Even with therapy there are days (birthday, holidays, etc) that can be difficult. Even after almost ten years there are days when I will think on he is going to call today. And I remember and I sit and have a good healthy cry and think of something about him that makes me happy. As time goes on you will pick out the happy moments and cling to them.

But please do go see a therapist again , it will help.
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post #11 of 15 (permalink) Old 12-09-2015, 11:57 AM
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Re: sadness and divorce

Everybody on this board has given you good, solid advice.

When I first saw the title of your thread, I thought it was about sadness due to divorce. It's strange to think that your sadness for a non-marital issue, is the reason you are considering divorce.

I'm so sorry about the loss of your parents, obviously it is devastating to you, I hope and pray you are able to get past it. You will, with time, if you try to be good to yourself (mentally/emotionally) and don't give up on therapy.

I know you're afraid of your in-laws being involved with your child's life and having to see them more. But have you thought about what a child would do for your healing process? When I was separated from my husband, my daughter was 2 years old. Her laughter, joy, and presence helped me through a horribly difficult time and in fact, made me feel happy. Without her, I would have had a terrible time healing. A child brings endless joy to you, and your parents would be happy to know you have a daughter or son.

I don't think you should have a child right now, not when you're thinking of a divorce. I'm saying that if you get to a point where you realize divorce is not a good option, and get rid of the divorce idea altogether, then think of the ways a child can help you heal. They are little persons of healing and joy. My mother oftentimes says that she got through news of her brother's death because of my little brother, who was newborn at the time...
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post #12 of 15 (permalink) Old 12-09-2015, 12:21 PM
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Re: sadness and divorce

Read up on grieving, that's all that's most likely going on here. Don't blow up you marriage. And I agree on no kids til this all worked out. Dude
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post #13 of 15 (permalink) Old 12-13-2015, 07:23 PM
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Re: sadness and divorce

Divorce? I realize you're going through a painful loss, but that doesn't give you the right to become a completely self-centered... I don't even know what the word would be.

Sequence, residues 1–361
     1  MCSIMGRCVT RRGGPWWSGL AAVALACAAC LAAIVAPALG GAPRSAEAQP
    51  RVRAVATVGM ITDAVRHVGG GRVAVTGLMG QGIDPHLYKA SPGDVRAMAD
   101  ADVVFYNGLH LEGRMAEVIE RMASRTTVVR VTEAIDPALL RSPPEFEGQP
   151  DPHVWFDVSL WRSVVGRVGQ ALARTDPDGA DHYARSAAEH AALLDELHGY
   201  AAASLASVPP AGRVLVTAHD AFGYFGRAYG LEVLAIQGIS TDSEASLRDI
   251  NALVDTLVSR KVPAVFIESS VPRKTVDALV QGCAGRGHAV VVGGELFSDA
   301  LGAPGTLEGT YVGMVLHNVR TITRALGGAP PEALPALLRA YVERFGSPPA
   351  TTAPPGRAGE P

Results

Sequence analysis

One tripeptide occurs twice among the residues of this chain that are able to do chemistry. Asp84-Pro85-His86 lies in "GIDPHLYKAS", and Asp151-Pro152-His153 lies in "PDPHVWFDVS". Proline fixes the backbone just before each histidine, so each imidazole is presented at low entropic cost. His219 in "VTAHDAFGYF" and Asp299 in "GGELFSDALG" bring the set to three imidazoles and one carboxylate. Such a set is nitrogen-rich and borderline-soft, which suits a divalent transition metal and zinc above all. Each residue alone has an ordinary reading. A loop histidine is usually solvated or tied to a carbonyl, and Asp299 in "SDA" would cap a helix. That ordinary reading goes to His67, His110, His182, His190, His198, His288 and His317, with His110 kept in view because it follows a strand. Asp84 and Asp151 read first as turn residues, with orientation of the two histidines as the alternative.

Learn to deal with the loss with your husband. If you need the dynamic to change with his parents, then tell him so, and work out the situation together. You have the right to be hurt, to cry, to be sad, to feel horrible, but divorce? That's pushing your natural grieving process into pure selfishness. You need to pull yourself together a little bit, and start thinking of your husband in addition to yourself.

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post #14 of 15 (permalink) Old 12-17-2016, 01:58 AM
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Re: sadness and divorce

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Originally Posted by applecider View Post
I would rather be alone than covering up my sadness in front of my husband.
I recommend that you get into a Grief Support group where you will be allowed to fall completely apart and weep for as long and as hard as you need to WITHOUT anyone brow beating or humiliating you for HAVING YOUR FEELINGS.
Many folks cannot tolerate the painful feelings of others BECAUSE they are desperately holding in their own unhealed, painful feelings so the open expression of grief from a Griever THREATENS THEM and they will do anything to stop the Griever from grieving in front of them.
A Grief Support group will both allow you to grieve and also show you how to finally get over it IN YOUR OWN TIME - and not when others expect you to be "done"!

choose happiness
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post #15 of 15 (permalink) Old 12-17-2016, 02:35 AM
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Re: sadness and divorce

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Originally Posted by jimrich View Post
I recommend that you get into a Grief Support group where you will be allowed to fall completely apart and weep for as long and as hard as you need to WITHOUT anyone brow beating or humiliating you for HAVING YOUR FEELINGS.
Many folks cannot tolerate the painful feelings of others BECAUSE they are desperately holding in their own unhealed, painful feelings so the open expression of grief from a Griever THREATENS THEM and they will do anything to stop the Griever from grieving in front of them.
A Grief Support group will both allow you to grieve and also show you how to finally get over it IN YOUR OWN TIME - and not when others expect you to be "done"!
Check out the date of the posts. We will never know if her husband felt fallout from her parents death. Hope not.